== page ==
Last Wednesday, the UK's foreign office and some 120 other UK public buildings and churches were bathed in red light as part of Red Wednesday. The latter is an initiative to draw attention to the plight of persecuted Christians worldwide. Rehman Chishti, a Muslim whose family are originally from Pakistan, led a candlelit procession from Parliament Square to Westminster Cathedral for a liturgy focusing on persecuted Christians in countries such as Iraq, Pakistan, and Nigeria.
Last November, Chishti tendered his resignation to Theresa May as vice-chairman of the Conservative Party, citing her failures regarding Brexit and the fact that she had refused to offer sanctuary to Asia Bibi, a Pakistani Christian woman who had spent nearly a decade on death row after being wrongfully convicted of blasphemy. Chishti now holds the post of UK special envoy for freedom of religion or belief, a post similar to the one created in the United States by Bill Clinton in 1998.
There were violent riots for three days in Pakistan when Bibi was acquitted. Some years earlier, Salman Taseer, a Muslim governor of Punjab who spoke out against Pakistan's blasphemy laws and in favour of Bibi, was shot 27 times by his own bodyguard. Unsurprisingly, many countries, including Britain and Ireland, declined to offer Bibi sanctuary. She was eventually taken in by Canada.
Tragically, Bibi’s prison cell is now occupied by another impoverished Christian woman, Shagufta Kausar, convicted of blasphemy for sending anti-Islamic texts in English – even though both she and her husband are illiterate and the SIM card produced at the trial proved to be bogus.
If we claim to care about minorities, especially poor minorities, we cannot justify ignoring the plight of the 245 million Christians who face extreme persecution for their faith
Her husband, Shafqat Masih, is a wheelchair user and was tortured in custody. Both are under sentence of death. The courageous Muslim lawyer, Saif ul-Malook, who defended Bibi and who needs constant police protection as a result, has taken on their case.
The plight of Christians in Pakistan illustrates some of the reasons why the West should care about Christian persecution. Firstly, Christians in Pakistan are an impoverished minority, part of the Dalit or untouchable caste. If we claim to care about minorities, especially poor minorities, we cannot justify ignoring the plight of the 245 million Christians who face extreme persecution for their faith.
Secondly, women are disproportionately affected by persecution of Christians. Women and young girls are kidnapped, raped and often forced to marry their persecutors.
Thirdly, persecution of Christians generally accompanies persecution of other minorities. Renewing a focus on Christian persecution does not mean ignoring or downplaying the plight of others. Equally, concern for non-Christian minorities should go hand-in-hand with concern for Christian minorities, but so often, does not.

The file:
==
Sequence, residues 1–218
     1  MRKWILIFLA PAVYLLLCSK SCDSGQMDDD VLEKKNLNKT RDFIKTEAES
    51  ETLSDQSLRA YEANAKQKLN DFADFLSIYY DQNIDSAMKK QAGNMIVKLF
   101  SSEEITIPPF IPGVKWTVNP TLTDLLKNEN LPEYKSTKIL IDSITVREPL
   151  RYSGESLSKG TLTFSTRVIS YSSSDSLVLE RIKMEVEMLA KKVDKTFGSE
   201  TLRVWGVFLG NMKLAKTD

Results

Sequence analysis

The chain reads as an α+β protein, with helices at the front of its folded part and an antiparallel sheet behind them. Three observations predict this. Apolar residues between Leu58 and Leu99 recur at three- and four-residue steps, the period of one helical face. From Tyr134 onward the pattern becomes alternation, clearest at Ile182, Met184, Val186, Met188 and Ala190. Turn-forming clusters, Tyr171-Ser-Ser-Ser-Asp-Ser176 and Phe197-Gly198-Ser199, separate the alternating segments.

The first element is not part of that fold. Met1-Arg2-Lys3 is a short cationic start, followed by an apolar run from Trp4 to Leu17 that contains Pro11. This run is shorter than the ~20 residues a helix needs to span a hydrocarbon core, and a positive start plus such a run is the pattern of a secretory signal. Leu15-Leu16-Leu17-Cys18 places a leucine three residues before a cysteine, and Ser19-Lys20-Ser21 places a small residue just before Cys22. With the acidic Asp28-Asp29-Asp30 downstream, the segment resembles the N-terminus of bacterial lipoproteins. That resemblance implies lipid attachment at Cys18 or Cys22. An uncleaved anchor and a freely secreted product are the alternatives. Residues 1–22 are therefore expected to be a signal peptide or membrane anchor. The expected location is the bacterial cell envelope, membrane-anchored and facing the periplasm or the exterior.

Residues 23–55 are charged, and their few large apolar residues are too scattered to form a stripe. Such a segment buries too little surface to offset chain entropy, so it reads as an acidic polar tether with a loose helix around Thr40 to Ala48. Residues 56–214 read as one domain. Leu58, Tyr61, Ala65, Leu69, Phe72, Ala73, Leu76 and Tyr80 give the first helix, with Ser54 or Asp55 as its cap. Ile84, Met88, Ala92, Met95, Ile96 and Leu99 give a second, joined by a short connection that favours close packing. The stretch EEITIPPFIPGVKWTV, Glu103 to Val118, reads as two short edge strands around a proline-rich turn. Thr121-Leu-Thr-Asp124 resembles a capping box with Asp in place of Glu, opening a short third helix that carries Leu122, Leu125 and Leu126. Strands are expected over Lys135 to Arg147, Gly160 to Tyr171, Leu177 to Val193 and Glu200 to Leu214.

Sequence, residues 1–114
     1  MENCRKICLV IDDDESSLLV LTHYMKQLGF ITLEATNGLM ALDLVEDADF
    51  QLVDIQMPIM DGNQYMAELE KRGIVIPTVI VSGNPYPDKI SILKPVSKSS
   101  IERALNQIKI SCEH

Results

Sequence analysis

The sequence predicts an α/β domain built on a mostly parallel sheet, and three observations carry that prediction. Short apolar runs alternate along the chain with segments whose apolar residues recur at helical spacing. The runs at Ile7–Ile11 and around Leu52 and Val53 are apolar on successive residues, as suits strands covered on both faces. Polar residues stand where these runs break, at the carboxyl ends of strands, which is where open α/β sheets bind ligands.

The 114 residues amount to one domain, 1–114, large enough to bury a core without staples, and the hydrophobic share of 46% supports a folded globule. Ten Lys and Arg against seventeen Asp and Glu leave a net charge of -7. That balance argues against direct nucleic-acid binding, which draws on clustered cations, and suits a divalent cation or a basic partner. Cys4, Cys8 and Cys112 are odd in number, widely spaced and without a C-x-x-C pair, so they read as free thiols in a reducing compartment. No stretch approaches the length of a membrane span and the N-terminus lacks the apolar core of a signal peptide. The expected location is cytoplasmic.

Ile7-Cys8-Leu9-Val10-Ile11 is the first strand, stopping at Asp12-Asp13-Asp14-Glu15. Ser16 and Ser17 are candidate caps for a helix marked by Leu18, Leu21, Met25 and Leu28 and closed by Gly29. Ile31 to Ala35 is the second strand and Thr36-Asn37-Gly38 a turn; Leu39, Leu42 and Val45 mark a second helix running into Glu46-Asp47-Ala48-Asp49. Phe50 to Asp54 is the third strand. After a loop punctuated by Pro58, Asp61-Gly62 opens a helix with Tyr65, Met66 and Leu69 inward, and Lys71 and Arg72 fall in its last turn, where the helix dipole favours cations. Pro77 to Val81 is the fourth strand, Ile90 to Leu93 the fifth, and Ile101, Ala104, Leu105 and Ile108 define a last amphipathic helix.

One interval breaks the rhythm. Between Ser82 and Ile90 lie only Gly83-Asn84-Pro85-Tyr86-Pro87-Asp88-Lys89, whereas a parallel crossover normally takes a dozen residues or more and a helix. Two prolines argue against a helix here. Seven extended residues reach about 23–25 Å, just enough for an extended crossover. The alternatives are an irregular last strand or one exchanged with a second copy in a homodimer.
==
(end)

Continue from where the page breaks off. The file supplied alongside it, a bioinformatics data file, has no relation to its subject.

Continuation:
For example, much-needed media attention was given to the shameful, brutal violence meted out to the Rohingya in Myanmar but few know that Christians are also being targeted in Myanmar (formerly Burma), particularly in Kachin.
Women and girls have been trafficked as brides to China. Three thousand Christian villages have been burned to the ground in the past decade and more than 200 churches destroyed since 2011.
The Guardian describes it as a slow genocide. One-hundred thousand displaced people are living in intolerable, sub-human conditions.
When US president Donald Trump announced the withdrawal of US troops he obviously cared little for the Syrian Christians once again abandoned by alleged allies. He left troops to protect oilfields, not minorities.
Myanmar, where there is a Buddhist majority, shows that persecution of Christians does not just happen in Muslim-majority countries. The Anglican bishop of Truro, Philip Mounstephen, conducted an influential independent review for the British government on the issue of religious persecution.
In the preface, the bishop stated: “Christian persecution is not limited to one context or challenge. It is a single global phenomenon with multiple drivers and as such, it deserves special attention. More specifically, it is certainly not limited to Islamic-majority contexts. So this review is not a stalking horse for the Islamophobic far right, and nor does it give the Islamophobic right a stick to beat Islam with.”
Perceptively, the bishop says that in the West, we tend to set one human right against another. But for many in the lowest-income countries, religious freedom is foundational and if it is not present, other human rights violations are not far behind.
The case of Iraq and Syria are particularly tragic. The organisation Aid to the Church in Need, which initiated Red Wednesday, points out in its recent report, Persecuted and Forgotten, that while less than half of the Iraqi Christians displaced from the Nineveh Plains have been able to return, there has been a shocking lack of support from the international community to help them rebuild their shattered lives and homes.
Christianity in this area dates back to the time of the apostles and yet members of the faith are in danger of being wiped out in the very cradle of Christianity. Syrians fare little better. When US president Donald Trump announced the withdrawal of US troops, suggesting that it was time to “let someone else fight over this blood-stained sand”, he obviously cared little for the Syrian Christians once again abandoned by alleged allies. He left troops to protect oilfields, not minorities.
Red Wednesday saw Irish churches lit up from Waterford to Down, from Knock Basilica to Armagh Cathedral. But it is not enough unless secular governments and institutions end their neglect of the world’s most persecuted religious minorities.